When it comes time to replace your legacy monitoring system, the right preparation will eliminate lost visibility and network downtime. You need a plan to deploy a monitoring solution that meets all of your visibility needs.
At DPS, we've provided technical support for hundreds of clients undergoing major changes in their monitoring, so we know how to make the process as hassle-free as possible. To achieve a successful deployment, adhere to these best practices when preparing for your legacy migration:
1) Determine What You Need to Monitor Well in Advance
Determining what devices and protocols you need to monitor is the first step in developing a modern monitoring system. You must take the time to determine your exact visibility needs. Otherwise, your "new" monitoring system may not have the right capacity. By completing a full network survey, you'll identify all of the protocols in your network, ensuring that your modern master and remotes will be able to monitor all of the important devices in your network.
Knowing exactly what you need to monitor is also the key to developing a well thought out monitoring solution. A detailed investigation of your sites can reveal unique monitoring needs that cannot be met by an off-the-shelf monitoring solution. Because you have a thorough summary of your needs, you'll be able to request a custom solution from a vendor who will tailor your monitoring solution to the requirements of your individual sites. Look beyond just replacing the polling functionality of your old master. Ask "What other things can I monitor?"
Be sure that your frequencies are documented. It's not enough to know if you're in 0-4, 4-8, or 8-12. Check the user manual for specific mark and space frequencies. Some manufacturers label the units with these frequencies, or have specific part numbers that identify the frequency. If all else fails and you have a frequency counter, you might be able to force the modem to transmit test tones and measure the result. Still don't have the frequencies? Give us a call.
3) Don't Deploy a System that Can't Import Your Existing Database
Deploying a system that can't import your existing database will cause you serious trouble and expense. It probably took years to build up your database to where it is today, and would take weeks to retype it again. Dedicating your labor resources the first time was costly enough, and doing it a second time would be a huge and unnecessary expense, not to mention the time to correct errors.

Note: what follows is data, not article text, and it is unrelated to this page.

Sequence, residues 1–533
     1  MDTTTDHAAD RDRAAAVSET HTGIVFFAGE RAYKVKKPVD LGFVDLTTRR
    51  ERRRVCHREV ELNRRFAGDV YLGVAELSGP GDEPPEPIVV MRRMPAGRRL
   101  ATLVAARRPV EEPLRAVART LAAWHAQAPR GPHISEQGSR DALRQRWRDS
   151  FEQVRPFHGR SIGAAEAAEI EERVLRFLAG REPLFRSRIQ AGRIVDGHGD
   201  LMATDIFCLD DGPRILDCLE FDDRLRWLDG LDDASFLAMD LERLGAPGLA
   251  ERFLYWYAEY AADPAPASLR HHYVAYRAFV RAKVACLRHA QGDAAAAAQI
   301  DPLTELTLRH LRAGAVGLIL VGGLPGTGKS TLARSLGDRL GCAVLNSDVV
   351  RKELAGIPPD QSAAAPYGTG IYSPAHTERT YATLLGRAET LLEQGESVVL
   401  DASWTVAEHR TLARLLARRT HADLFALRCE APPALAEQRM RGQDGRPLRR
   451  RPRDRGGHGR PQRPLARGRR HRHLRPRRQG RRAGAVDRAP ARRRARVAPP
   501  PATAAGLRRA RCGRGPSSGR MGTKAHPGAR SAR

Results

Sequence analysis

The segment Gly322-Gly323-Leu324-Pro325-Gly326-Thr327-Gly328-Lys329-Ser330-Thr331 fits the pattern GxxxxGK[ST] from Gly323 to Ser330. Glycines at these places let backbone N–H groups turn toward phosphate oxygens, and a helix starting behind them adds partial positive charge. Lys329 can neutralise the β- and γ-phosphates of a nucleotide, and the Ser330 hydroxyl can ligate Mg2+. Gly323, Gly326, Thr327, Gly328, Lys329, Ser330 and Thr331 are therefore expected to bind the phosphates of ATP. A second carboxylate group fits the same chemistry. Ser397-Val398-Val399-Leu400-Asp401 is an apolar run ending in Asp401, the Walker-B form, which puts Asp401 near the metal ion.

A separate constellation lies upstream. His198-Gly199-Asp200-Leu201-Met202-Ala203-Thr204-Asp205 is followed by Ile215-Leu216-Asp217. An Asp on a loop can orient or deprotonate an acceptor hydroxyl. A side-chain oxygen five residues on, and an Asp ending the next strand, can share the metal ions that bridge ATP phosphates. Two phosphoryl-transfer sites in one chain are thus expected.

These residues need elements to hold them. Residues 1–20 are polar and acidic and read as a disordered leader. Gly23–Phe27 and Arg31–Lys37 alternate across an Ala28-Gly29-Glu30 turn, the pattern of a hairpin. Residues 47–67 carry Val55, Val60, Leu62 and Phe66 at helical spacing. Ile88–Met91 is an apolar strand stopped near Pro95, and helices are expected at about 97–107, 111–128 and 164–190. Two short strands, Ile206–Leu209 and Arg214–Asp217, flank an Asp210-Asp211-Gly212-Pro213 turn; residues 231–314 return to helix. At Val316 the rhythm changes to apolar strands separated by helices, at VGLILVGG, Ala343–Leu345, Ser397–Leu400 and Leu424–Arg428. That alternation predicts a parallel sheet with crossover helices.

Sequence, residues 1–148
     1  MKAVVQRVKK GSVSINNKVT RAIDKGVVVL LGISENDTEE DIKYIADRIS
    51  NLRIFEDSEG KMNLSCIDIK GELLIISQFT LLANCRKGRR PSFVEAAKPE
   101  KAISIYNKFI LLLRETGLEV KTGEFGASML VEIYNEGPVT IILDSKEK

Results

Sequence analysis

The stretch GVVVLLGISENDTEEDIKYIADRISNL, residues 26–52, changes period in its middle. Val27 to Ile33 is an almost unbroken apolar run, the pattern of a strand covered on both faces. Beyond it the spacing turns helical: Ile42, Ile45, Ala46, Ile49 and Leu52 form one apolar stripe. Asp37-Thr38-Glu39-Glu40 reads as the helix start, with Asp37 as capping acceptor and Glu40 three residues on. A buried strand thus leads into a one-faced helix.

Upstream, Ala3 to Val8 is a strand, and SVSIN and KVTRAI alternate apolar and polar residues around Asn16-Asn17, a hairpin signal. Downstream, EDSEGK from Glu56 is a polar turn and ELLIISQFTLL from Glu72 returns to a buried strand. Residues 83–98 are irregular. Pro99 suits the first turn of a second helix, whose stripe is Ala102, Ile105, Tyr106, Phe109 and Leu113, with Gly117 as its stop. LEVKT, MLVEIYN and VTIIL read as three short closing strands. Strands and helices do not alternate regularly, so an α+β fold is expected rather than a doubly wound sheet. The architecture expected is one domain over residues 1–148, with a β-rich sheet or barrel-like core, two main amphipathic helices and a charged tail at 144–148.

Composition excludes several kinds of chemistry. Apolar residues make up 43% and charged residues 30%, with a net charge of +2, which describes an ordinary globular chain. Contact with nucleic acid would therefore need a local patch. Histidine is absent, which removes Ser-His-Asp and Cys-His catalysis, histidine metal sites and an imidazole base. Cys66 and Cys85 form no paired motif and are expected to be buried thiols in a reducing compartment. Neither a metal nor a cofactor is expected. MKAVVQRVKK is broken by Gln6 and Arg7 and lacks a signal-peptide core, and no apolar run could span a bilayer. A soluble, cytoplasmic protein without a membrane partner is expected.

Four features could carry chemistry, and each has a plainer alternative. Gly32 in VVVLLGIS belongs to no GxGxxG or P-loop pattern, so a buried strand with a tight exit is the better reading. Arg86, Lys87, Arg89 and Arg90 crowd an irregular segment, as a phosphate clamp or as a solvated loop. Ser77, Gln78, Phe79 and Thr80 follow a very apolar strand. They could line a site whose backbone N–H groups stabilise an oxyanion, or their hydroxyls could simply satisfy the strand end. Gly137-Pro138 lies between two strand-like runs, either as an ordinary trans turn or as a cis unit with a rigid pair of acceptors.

Your new equipment should be making your legacy migration easier, not harder, so make sure you find a system that can import your existing database.
4) Extract Your Legacy Alarm Point Database Immediately
You must begin preparing for your legacy migration as soon as possible. Exporting your alarm database is an important first step. Until you do, your mission-critical database is in the hands of a legacy master.
If your legacy master fails and takes your database down with it, you'll have major areas of zero visibility as you struggle to redatabase your alarms. Wasting your available labor to rebuild your database is costly enough, but an outage caused by poor visibility will take a big bite out of your revenue. Protect yourself from these threats by exporting your database from your legacy system immediately. You'll also be ready to import your database when your new monitoring system arrives.
So, how you do you export the database? It varies, depending on the master. With some you just back up the database, while others have an export option. In the worst case, you can run a "report" that you capture to disk. If you would like more help with exporting your database, call us.
5) Understand Your Transport Topology So You Can Capitalize on New Network and Master Station Capabilities
When you have a good understanding of your transport technology, you can better utilize the advanced monitoring capabilities of your modern master. Your old system may bridge five legs into a single feed because that's all your legacy master can poll. However, with a multiple port master, each leg could have it's own port, giving you better network segmentation and 5 times the polling rate. If your monitoring system doesn't support multiple legs, you may be forced into running multiple systems in parallel. That means extra terminals in your NOC, extra training for new operators, legacy equipment hassles, and a big increase in the chance that you'll miss a critical alarm.
By following these simple guidelines, you're taking a big step toward a successful legacy migration. Dedicating time to prepare for this process is a valuable investment of your time, and it's the first step toward securing the perfect-fit monitoring solution for your network.
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